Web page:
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San Diego’s Historic Places: Mexican Period/ Californios

Airs Sunday, May 22, 2011 at 10:30 p.m. on KPBS TV

Above: Historical photo of the Rancho Santa Fe - Osuna Adobe built in 1836

Photo of one of the first maps of San Diego.
Enlarge this image

Above: Photo of one of the first maps of San Diego.

Historical photo of a descendent from the Silvas family, 1800s.
Enlarge this image

Above: Historical photo of a descendent from the Silvas family, 1800s.

Learn more about San Diego County's history with host Elsa Sevilla, on "San Diego's Historic Places." This series details the history of San Diego and surrounding areas, explores the region, and certainly touches on California history. Some of the topics and viewer favorites include historic hotels, historic theaters, stagecoach stations, Victorian houses and railroad depots, to name a few.

Elsa Sevilla is passionate about history. She travels the county in search of unique, beautiful and grand "Historic Places." The biggest reward for Elsa is when viewers mention they knew of the location, but never knew the history, until they watched "San Diego's Historic Places."

"Mexican Period/ Californios"

In this episode, learn how Mexican land grants were given to the retired soldiers from the Presidio, and prominent Californio families, like the Carillos, Bandinis, Estudillos, Silvas and many others. Hear the stories from descendants of the Carillo and Fitch families still living in San Diego.

Watch video excerpts from two past episodes below:

Video

San Diego's Historic Places: Cosmopolitan Hotel

Above: May 2010 episode of "San Diego's Historic Places" about Old Town San Diego and the restoration of the famed Cosmopolitan Hotel / Juan Bandini House.

Video

San Diego's Historic Places: Circus And Amusement Parks

Above: November 2010 segment from "San Diego's Historic Places" about the history of the Giant Dipper roller coaster at the Mission Beach Amusement Center. Also featured is the Wonderland Amusement Park in Ocean Beach.

Video

San Diego's Historic Places: Balboa Park Navy

Above: June 2010 episode of "San Diego's Historic Places" about the US Navy's "occupation" of Balboa Park during World War I.

Comments

Avatar for user 'sallyfox'

sallyfox | April 26, 2011 at 2:34 p.m. ― 3 years, 3 months ago

As a member of the Early San Diego Regional History Collaborative, I'm excited to see this episode tonight!

As a language teacher, I'm curious about the use of "the Silvas" to refer to members of the Silvas family. I think it should say "the Silvases" or "the Silvas family" instead. I know Abel Silvas, and calling his family the Silvas sounds like their name is Silva. It's not. it's Silvas. In Spanish it would be "los Silvas" or "la familia Silvas." It's like calling my family "the Fox" instead of "the Foxes."

Sorry if that seems like nitpicking. ; )

I hope you'll do many more episodes of the early history of our region, including the many fascinating people and places prior to the arrival of the various European groups (including my own). THANK YOU!!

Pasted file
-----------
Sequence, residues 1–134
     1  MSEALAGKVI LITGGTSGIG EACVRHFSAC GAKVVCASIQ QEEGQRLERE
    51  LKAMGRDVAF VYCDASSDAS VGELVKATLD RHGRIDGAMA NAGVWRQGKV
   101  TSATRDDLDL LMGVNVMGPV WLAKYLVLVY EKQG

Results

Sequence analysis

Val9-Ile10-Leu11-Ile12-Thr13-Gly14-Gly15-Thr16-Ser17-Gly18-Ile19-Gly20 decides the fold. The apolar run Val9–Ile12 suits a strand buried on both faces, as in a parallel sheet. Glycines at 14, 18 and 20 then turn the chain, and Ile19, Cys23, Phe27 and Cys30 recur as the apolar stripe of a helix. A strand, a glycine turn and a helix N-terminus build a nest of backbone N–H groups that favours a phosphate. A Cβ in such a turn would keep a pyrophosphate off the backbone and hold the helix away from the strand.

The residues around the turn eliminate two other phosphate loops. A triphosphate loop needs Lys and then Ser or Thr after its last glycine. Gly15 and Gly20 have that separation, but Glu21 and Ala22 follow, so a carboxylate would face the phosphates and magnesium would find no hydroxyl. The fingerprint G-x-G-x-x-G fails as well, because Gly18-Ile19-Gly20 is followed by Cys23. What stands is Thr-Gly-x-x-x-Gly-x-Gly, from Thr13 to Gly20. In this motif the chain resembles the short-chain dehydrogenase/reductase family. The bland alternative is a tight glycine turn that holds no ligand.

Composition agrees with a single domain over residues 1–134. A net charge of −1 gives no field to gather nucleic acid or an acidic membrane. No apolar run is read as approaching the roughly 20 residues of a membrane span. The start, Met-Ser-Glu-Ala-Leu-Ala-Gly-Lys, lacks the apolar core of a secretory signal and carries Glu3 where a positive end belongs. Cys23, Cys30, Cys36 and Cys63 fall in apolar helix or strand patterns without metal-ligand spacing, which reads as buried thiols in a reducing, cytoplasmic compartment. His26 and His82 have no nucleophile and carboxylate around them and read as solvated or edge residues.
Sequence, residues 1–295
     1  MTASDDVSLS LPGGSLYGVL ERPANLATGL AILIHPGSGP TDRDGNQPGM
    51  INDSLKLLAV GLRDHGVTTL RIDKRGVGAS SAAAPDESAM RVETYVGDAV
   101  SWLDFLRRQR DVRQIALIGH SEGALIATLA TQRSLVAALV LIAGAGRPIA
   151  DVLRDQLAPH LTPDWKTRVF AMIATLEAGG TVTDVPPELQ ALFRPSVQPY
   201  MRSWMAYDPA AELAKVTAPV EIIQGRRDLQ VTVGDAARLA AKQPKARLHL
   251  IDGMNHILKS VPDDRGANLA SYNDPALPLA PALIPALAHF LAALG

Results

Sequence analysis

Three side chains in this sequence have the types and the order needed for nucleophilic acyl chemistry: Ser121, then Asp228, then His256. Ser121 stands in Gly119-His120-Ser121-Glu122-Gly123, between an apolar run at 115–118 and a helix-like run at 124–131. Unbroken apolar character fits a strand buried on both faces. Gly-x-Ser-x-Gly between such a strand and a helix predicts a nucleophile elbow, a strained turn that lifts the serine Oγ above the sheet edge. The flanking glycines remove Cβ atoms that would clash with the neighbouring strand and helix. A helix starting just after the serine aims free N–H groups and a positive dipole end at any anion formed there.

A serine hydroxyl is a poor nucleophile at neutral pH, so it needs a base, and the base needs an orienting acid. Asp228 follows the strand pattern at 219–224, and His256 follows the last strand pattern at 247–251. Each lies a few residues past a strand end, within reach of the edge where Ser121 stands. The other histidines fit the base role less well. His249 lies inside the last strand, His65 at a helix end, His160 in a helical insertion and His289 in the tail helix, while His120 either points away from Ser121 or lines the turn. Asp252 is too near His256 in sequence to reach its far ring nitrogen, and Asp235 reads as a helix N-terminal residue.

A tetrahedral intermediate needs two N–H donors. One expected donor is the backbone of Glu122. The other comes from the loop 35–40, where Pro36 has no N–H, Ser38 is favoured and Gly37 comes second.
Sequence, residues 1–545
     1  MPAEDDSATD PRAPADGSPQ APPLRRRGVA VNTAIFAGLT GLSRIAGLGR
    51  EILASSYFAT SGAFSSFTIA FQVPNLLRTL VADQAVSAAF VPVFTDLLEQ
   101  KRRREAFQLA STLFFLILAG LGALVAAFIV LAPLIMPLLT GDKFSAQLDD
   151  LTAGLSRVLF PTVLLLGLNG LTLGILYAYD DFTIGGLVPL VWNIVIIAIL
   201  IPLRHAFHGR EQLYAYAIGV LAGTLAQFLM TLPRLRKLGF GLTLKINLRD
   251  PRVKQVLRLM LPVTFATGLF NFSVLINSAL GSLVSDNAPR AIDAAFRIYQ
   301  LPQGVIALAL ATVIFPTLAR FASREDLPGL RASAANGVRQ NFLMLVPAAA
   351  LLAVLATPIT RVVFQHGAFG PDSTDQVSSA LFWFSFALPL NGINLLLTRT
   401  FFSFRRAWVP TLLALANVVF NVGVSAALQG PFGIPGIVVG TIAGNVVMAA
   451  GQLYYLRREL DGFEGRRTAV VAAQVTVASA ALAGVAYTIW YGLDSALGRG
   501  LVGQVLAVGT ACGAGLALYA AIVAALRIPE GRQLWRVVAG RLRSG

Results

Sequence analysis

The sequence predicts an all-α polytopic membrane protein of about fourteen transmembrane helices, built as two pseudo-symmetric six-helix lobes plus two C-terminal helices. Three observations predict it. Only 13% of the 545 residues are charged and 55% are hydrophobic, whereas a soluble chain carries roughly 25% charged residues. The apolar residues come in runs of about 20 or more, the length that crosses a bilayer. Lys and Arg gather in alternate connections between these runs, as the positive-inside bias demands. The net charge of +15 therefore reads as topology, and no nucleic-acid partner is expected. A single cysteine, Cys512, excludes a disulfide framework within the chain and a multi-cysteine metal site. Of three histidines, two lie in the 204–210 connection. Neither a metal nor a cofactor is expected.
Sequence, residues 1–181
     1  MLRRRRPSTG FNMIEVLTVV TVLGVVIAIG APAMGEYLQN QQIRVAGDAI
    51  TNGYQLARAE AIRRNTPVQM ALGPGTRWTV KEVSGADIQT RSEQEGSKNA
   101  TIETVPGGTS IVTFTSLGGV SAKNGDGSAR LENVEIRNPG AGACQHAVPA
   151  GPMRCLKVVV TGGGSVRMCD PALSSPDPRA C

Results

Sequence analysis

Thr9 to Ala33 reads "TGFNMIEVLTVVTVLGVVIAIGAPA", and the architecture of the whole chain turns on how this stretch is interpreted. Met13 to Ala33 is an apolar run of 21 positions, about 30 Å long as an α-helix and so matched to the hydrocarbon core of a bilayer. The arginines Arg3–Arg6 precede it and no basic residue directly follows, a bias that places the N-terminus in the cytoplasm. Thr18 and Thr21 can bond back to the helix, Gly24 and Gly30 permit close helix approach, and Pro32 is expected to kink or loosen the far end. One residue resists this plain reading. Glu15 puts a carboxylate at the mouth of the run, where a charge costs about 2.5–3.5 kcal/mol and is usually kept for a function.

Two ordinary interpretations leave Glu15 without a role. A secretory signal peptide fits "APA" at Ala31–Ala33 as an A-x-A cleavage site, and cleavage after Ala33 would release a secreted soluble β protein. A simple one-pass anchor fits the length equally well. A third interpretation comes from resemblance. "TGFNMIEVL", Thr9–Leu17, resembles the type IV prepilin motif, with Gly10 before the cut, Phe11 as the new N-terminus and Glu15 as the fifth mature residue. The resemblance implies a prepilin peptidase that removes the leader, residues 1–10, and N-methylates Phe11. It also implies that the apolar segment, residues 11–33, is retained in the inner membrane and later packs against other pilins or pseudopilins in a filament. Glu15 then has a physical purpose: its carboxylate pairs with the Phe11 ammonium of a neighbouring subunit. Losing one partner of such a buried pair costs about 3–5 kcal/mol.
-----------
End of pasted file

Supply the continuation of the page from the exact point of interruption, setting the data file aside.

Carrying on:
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Avatar for user 'HarryStreet'

HarryStreet | April 26, 2011 at 3:07 p.m. ― 3 years, 3 months ago

Those who do not know history are condemned to repeat it. I'm sure this will help us learn more about our past than we realize.

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Avatar for user 'dfay'

dfay | October 17, 2011 at 11:43 p.m. ― 2 years, 10 months ago

San Diego's Historic Places is an informative and interesting program, especially if you are fascinated by the history of our city as I am.

Unfortunately, the omnipresent repetitive, hyper, piano accompaniment of each story makes you want to drive an ice pick into your eye before the end of the story. Loudly playing the same stanza of player-piano ragtime over and over for ten minutes does not transport the viewer back in time.
A show this good does not need this distraction.

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Avatar for user 'ksilvas82'

ksilvas82 | February 18, 2012 at 8:53 a.m. ― 2 years, 6 months ago

I think I am part of the Silvas history here in San Diego, I have found a lot of commonalities with family trees on ancestry.com but am not sure if maybe I'm from a taboo side of the family or something because everything I have found on ancestry that would pertain to my side is always set to "private" while they leave the rest of the info public. Some users who have my side of the family on ancestry even have their profile set to where I can't even contact them whatsoever making it very difficult to find out more about exactly what happened with where we descended from.

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Avatar for user 'nick'

nick | February 26, 2012 at 8:15 p.m. ― 2 years, 5 months ago

Hey Cousin, If your last name is Silvas and your roots are from California then you are related to one of the first founding families of this State. I've also notice ancestry.com has many mistakes about are family and that's probably why it's taboo, Ha! If you really wanna get connected to your roots, then come on down to Old Town State Park and meet your other cousins at the Descendant's Adobe aka The Silvas y Machado Adobe (Associated to the Osuna Adobe above). The Poppy Paper which can be viewed at the BOOT website: boostersofoldtown.com Will help you get there. Good luck and see you at our next Family Research Workshop. Nick

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